Widmark and Fonda, can't get much better than that in a cop drama. Fast paced, excellent acting, filming. What's not to like? 1968 I guess. Sadly, anything pre-2000 is what's "not to like" about a film. Madigan is a 1968 American dramatic thriller film directed by Don Siegel and starring Richard Widmark and Henry Fonda. My rating would have been much better were it not for the muscic soundtrack which terribly dates the film. No soundtrack at all would have been preferable to me. Blaring trumpets, trombones every chance it got. Just too retro for me. BTW, the hats are now in style on the 20 set. [img][/img] "Reviews for Madigan were among the best of any film director Siegel had directed. Critics praised its urban grittiness and straightforward style, and audiences responded to its excitement and tautness. Siegel would go on to direct other successful cop movies, including Coogan's Bluff (1968) and Dirty Harry (1971)." ---Wikipedia SEE the entire film here: NOTES: 1 Serious clashes between Siegel and producer Frank Rosenberg marred the production. Rosenberg was a studio veteran who considered himself the boss of the project; as far as Siegel was concerned, once the cameras rolled, Siegel was boss. Rosenberg also reportedly interfered in tiny, annoying ways, as in the shooting of Henry Fonda's first scene. The most significant clash came over the location for the action-packed ending. 2 "He [producer Rosenberg] just wouldn't listen to anything," Henry Fonda said. 3 Widmark called [director] Siegel one of the three best directors he ever worked with, along with John Ford and Elia Kazan. "He's efficient, organized, quiet, and in total command. You never feel any loose ends. And he has taste." 4 "It was the end of the picture and we were all tired. But no sir. He fought like a bastard. A director can't operate on the idea that everyone has to like him. If he does, somewhere along the line reality is going to hit."-- Richard Widmark about director Don Siegel in "Madidgan" 5 In 1972, Widmark reprised the title role (literally bringing the character back from the dead) for the NBC television series Madigan. It lasted one season. [img][/img] Richard Widmark as Det. Daniel Madigan Henry Fonda as Commissioner Anthony X. Russell Inger Stevens as Julia Madigan Harry Guardino as Det. Rocco Bonaro James Whitmore as Chief Insp. Charles Kane Susan Clark as Tricia Bentley Michael Dunn as Midget Castiglione Steve Ihnat as Barney Benesch Don Stroud as Hughie Sheree North as Jonesy [img][/img] a color film despite this studio still Directed by Don Siegel Produced by Frank P. Rosenberg Screenplay by Howard Rodman Abraham Polonsky Based on The Commissioner by Richard Dougherty Music by Don Costa Cinematography Russell Metty Editing by Milton Shifman Distributed by Universal Pictures Release date(s) March 29, 1968 Running time 101 min. Language English Box office $1,100,000 [img][/img]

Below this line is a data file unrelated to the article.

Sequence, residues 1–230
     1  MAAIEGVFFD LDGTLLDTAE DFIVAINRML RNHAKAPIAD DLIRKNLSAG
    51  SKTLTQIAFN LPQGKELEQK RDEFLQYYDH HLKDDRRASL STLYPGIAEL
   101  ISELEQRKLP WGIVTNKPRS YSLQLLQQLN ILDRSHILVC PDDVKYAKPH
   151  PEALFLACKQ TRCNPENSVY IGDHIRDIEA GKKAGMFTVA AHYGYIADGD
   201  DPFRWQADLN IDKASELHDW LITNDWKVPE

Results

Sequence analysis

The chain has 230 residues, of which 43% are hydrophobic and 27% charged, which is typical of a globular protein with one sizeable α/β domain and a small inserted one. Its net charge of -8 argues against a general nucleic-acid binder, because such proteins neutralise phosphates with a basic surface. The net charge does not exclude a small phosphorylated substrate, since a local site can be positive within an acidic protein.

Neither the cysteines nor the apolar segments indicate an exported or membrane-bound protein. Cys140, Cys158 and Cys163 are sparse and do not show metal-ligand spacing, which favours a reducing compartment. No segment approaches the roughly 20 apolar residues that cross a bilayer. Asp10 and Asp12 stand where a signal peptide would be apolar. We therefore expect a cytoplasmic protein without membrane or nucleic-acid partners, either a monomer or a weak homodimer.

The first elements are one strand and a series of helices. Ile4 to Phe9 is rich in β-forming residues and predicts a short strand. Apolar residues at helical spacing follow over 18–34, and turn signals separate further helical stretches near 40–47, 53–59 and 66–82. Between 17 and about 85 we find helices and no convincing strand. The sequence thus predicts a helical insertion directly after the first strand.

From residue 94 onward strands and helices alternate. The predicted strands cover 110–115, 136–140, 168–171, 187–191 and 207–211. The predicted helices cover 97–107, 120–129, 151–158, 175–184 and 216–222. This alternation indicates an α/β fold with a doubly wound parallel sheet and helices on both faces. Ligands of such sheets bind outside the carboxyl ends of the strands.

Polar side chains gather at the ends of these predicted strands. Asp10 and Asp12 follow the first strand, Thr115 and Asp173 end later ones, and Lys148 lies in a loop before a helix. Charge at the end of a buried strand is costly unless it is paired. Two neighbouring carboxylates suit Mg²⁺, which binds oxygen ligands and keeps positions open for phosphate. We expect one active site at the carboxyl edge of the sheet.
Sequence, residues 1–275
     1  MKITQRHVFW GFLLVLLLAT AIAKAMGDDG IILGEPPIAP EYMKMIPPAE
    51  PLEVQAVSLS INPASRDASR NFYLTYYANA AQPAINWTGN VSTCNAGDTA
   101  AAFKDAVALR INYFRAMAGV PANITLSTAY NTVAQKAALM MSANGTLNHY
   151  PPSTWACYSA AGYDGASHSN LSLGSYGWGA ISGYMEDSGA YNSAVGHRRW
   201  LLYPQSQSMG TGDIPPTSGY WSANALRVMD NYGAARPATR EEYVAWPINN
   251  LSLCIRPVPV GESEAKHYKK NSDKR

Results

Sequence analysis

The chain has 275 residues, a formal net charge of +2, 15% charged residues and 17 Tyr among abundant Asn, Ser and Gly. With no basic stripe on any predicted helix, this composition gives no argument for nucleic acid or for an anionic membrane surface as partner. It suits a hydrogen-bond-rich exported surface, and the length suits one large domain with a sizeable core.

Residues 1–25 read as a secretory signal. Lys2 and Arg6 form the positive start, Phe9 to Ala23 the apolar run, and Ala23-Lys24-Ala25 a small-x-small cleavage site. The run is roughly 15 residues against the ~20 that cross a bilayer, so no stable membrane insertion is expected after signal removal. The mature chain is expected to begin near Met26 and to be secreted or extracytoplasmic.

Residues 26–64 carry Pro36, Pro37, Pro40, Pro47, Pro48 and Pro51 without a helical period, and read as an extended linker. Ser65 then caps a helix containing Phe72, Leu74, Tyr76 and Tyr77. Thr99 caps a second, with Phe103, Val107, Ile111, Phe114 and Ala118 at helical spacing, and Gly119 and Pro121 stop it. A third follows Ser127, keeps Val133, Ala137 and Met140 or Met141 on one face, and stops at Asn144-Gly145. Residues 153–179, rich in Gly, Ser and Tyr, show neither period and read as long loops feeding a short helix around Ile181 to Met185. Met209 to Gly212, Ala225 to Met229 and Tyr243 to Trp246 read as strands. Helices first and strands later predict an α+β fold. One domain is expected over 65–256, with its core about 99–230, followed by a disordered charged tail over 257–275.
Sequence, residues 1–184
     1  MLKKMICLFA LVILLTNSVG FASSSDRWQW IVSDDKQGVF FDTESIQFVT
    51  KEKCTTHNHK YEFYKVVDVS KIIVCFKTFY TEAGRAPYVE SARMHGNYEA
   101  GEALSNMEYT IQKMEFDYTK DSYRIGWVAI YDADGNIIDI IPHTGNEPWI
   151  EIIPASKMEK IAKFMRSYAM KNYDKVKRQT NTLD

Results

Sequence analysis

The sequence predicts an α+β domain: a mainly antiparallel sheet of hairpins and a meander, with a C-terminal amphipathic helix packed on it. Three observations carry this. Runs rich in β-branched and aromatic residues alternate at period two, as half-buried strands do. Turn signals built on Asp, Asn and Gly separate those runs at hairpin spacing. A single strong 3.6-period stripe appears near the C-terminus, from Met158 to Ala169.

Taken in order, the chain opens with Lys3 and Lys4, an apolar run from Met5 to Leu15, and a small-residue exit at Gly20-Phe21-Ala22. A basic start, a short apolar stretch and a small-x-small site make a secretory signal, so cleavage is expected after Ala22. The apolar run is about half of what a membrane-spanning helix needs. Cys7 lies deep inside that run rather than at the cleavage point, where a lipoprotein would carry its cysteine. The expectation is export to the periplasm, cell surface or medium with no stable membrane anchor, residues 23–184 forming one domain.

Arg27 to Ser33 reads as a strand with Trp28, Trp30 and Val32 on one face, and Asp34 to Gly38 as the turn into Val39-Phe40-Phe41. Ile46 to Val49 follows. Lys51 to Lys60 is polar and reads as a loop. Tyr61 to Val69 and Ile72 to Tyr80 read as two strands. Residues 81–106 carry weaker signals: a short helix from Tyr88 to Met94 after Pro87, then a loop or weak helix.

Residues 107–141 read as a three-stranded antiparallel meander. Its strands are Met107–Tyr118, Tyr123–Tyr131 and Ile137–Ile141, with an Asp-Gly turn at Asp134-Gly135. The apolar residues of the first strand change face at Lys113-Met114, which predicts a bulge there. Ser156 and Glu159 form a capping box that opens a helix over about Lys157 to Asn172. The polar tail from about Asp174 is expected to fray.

monsieur rick
monsieur rick

Great cast, middling script. Widmark is tough but hints at a vunerablity under that facade. Henry Fonda sort of walks through his role but it doesn't really ask much of him. Good period feeling which at the time may have been incidental but now gives you a sense of it's time. Inger looks amazing with some gravity defying hair but she's unfortuantely wasted in the wife role.

jay nixon
jay nixon

Super Reviewer


It does meander through the middle, but this is Segal's game and when Widmark and Fonda are the pawns, it's worth watching regardless. A cool finish caps it off.